Presentation is loading. Please wait.
Persuasive writing in essays Effective Learning Service
‘To be persuasive, we must be believable. To be believable, we must be credible. To be credible, we must be truthful.’ ( Hellmut Walters) (Persuasion) ‘… a ‘process in which the communicator seeks to elicit a desired response.’ (Anderson 1971)
Rhetoric The persuasive power of words was discussed by Aristotle around 350 BC. He presented an analysis of rhetorical strategies, which included three elements: logos, pathos and ethos:
Logos An attempt to persuade the audience (or reader) through sound reasoning. Reliable evidence, e.g. facts, definitions, statistics and other data that appeals to the logic and intelligence of the audience.
Ethos Appeal of the speaker or writer in terms of his / her credibility and experience Presents, directly or indirectly, a profile that sets a stamp of authority on the words used to persuade.
Pathos An appeal to the emotions of the reader or audience. Attempt to induce a particular state of mind in e.g. anger, understanding, sympathy, tolerance Taps into the sentiment or feelings of the audience or readership.
Aristotle’s model of persuasion Pathos Ethos Logos
Emotion and academic writing ‘Emotion’ not a word usually associated with essay. What words do you associate with ‘essay’?
Conventional essay style Description and analysis Carefully referenced evidence Substantiated argument Presents writer as ‘serious thinker’ Respects the reader’s intelligence Measured style Objective voice e.g. ‘It can be argued that …’ Yet paradoxically present, even champion, a particular view
Rationalist style – potential problems Garfinkel argues that the relationship between the act of representation and represented object is dialectical not unidirectional. The character of the representation changes in the attempt to explain the perceived nature of underlying reality while the object ‘changes’, in turn, to accommodate the language employed to represent it. Representation, in other words, is a dynamic, interactive process in which the ‘actor’, and the form of representation, that is language, ‘constructs’ some at least of the reality under investigation (Garfinkel 1967).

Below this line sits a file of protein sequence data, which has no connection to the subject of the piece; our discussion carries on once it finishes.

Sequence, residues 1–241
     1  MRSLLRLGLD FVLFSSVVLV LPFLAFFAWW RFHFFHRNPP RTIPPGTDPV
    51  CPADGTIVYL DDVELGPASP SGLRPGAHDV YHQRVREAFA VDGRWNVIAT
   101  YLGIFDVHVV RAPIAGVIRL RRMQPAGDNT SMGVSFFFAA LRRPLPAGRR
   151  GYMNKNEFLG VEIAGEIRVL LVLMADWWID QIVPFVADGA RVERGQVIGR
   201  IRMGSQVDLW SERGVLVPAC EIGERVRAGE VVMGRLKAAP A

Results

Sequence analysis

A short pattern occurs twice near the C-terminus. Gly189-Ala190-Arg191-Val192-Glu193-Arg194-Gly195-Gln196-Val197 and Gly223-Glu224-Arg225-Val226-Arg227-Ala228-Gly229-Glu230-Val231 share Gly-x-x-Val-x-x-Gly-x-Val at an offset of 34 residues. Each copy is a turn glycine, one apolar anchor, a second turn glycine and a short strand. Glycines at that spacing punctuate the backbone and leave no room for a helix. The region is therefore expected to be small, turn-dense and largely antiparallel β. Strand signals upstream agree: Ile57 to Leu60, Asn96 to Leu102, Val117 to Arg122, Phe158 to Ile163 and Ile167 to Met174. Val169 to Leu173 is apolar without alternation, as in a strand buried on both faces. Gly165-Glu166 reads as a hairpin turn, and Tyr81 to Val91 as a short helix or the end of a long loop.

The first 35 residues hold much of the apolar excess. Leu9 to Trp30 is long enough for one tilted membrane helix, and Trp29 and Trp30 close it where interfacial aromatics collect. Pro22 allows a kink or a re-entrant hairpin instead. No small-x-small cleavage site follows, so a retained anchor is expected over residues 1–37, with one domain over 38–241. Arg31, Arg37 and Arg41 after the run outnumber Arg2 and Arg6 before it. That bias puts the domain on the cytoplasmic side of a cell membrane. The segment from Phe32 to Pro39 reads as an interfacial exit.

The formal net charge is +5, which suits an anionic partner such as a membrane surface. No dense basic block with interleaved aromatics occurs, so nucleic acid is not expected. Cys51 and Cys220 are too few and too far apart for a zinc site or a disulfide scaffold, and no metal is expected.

Avoid emotive language It is important to pay attention to the logical (logos) and credibility (pathos) elements You can also write in a way that connects with the experiences, senses and emotions of the essay reader. But avoid emotive language
Avoiding emotive (manipulative) language Identify the emotive language used in Examples 1 & 2 (page 6) Not appealing to … … popular sentiment … pity … fear … authority
A place for emotional connection in academic writing ? ‘New and valuable lines of argumentation, prompting critical questioning and steers the argument in a constructive direction.’ (Walton 1992) Make ideas more … … accessible … understandable … relevant to the reader Especially by appealing to the senses (see page 11)
Logos (logical) Pathos (emotional) Ethos (credibility) Check facts carefully before including Demonstrate your knowledge of relevant Theories, Models, Ideas and Practices Give evidence to back up statements, accurately referenced. Demonstrate your knowledge of a range of arguments. Illustrate ideas with real life examples (or quotations; see p.20) Use simple words; and that connect with the senses and reality of your readers’ lives. Address the reader in an intelligent manner. Strive for variety in your writing (see p.20) Clear structure to your writing Succinct and to the point No spelling or grammatical errors Demonstrate your reading on the essay topic. Logos, Pathos & Ethos in essay writing
Effective pathos techniques in essay writing (p 13) Quotations VAK words connecting with the senses Rhetorical questions ? Variety in style Active form
Words appealing to the senses VisualAuditoryKinaesthetic e.g. See Picture Focus Highlight Show Colourful … e.g. Say Report Sound Call Comment Resonant … e.g. Feel Carry Weight Strong Impact Impressive …
Suggested reading on this topic Walton, D. (1992). The Place of Emotion in Argument. USA: Pennsylvania State University Press. References Ahmad, R. and McMahon, K. (2006). The Benefits of Good Writing: Or Why does it matter that Students Write Well? In Writing Matters. Royal Literary Fund. Available at http://www.rlf.org.uk/fellowshipscheme/research.cfm [Accessed 5 Feb. 2007]. Andersen, K. (1971). Persuasion Theory and Practice. Boston: Allyn and Bacon.
© 2023 SlidePlayer.com Inc.
All rights reserved.